This is the first of my reviews for the Edinburgh Festival Fringe 2013!
FRINGE RUN: 1/8 – 26/8 (not 12) @ 15:10; Assembly Checkpoint (322); [£10.50/£8.50]
Who, Where and When: Patch of Blue Theatre, Assembly Checkpoint, Thursday 1 August 2013, 3.10pm
[title of show] is a show about writing a show about writing a show. You might want to read that twice… and yes, it is a bit surreal. In fact, my friends and I were not sure if it wasn’t too surreal.
The dialogue is very cleverly constructed to model real conversations, phonecalls and events which happened as the show was created. To the best of my knowledge, the show is more or less true to life, as the show did open at the New York Musical Theatre Festival, and then off-Broadway at the Vineyard. The script and character names have also been adapted, changed and expanded to chronical the play’s journey.
There were some very funny moments, and I loved the way the scripted interrupted songs, and questioned itself. Some of the songs were excellent – quite possibly the best thing in the show. The theatre geek in me particularly loved “Monkeys and Playbills” – a song made entirely of the titles of Broadway flops.
The frustrating thing about this show is that its postmodern and deconstructed nature is what makes it both brilliant and also terrible. It can be difficult to engage with at times and lacks some of the character and plot engagement that makes musical theatre so addictive.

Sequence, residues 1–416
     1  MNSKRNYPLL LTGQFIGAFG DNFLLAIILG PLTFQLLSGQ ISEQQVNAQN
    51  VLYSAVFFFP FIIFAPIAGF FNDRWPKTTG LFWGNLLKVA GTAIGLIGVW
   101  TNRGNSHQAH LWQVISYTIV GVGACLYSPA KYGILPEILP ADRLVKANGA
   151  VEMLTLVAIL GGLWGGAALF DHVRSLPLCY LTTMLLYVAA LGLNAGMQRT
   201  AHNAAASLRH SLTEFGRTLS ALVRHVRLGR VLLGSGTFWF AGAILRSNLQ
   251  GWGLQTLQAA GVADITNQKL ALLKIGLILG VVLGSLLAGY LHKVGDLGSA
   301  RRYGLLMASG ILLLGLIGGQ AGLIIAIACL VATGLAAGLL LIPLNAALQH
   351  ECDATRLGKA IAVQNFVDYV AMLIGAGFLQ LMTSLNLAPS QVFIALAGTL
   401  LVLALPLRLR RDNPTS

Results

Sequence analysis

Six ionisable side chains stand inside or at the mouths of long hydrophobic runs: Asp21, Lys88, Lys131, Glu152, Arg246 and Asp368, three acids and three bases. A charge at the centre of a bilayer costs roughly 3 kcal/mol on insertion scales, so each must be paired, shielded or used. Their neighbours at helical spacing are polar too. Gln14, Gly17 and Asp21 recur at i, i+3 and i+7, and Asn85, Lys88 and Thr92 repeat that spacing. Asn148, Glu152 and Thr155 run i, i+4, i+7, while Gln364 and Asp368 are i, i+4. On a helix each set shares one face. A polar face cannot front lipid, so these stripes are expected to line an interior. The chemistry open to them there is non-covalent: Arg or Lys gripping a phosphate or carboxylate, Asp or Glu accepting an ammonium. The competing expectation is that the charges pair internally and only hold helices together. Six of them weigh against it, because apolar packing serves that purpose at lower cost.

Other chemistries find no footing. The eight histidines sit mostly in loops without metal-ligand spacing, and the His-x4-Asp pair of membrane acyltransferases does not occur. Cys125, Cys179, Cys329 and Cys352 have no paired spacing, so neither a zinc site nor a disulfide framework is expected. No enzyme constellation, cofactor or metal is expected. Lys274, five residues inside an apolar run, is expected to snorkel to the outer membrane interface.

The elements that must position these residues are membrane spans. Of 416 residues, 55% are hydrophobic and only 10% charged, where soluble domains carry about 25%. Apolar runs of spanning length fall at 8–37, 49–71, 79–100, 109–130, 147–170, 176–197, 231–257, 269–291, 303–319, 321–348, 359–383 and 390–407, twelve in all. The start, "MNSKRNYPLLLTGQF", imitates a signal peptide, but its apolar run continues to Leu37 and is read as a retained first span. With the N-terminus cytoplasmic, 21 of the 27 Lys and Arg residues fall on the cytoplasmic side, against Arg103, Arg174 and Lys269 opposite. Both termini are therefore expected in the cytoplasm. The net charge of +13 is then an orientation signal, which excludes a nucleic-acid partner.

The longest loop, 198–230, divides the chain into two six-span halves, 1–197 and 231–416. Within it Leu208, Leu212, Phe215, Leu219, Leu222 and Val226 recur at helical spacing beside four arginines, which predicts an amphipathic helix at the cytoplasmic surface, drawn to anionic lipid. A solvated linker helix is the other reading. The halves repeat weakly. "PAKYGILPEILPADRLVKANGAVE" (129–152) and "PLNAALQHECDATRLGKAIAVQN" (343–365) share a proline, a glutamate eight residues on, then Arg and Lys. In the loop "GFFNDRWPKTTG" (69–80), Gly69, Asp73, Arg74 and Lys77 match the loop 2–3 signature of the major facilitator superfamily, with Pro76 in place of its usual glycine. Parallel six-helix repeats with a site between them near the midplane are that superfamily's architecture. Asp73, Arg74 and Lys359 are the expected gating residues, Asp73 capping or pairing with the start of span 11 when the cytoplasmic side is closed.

In stark contrast to the show itself, the cast of this production were brilliant. They threw themselves right into the action and were not afraid to make fantastic use of space and physicality. Both Robbie Towns (Jeff) and Ricky Johnston (Hunter) captured their characters’ identity as gay Broadway writers perfectly – it would be easy to “over-camp” these parts. The girls (Carley Stenson as Susan, Jamie Lee Pike as Heidi) also did a brilliant job of showing the transition from strangers to friends throughout the show.
The sheer enthusiasm of the team was utterly infectious and this alone made what might otherwise have been a mediocre show an enjoyable way to open this year’s Fringe experience.
- Monkeys and Playbills – Company (could be sung as a solo) (Medium)
- Die Vampires Die – Susan (Hard)
- Secondary Characters – Heidi/Susan (Medium, Duet)
The cast were the real stars of this show, and they were marvellous. They are, of course, pros, so that helps. I immensely enjoyed many of the theatre in-jokes, but for a musicals newbie, much of the comedy comes from the physical movement and the judiciously sliced up script which is interspersed with voicemails, sudden stops and backstage scenes that reflect the nature of the plot. I probably wouldn’t both to see this show again, but I am glad I have seen it and I’m confident any and all theatre aficionados out there will enjoy it. If you can get in on the Half-Price Hut when it opens next week, so much the better.
Rating ♥ ♥ ♥ ♥ (4/5) [Show 3, Cast 5]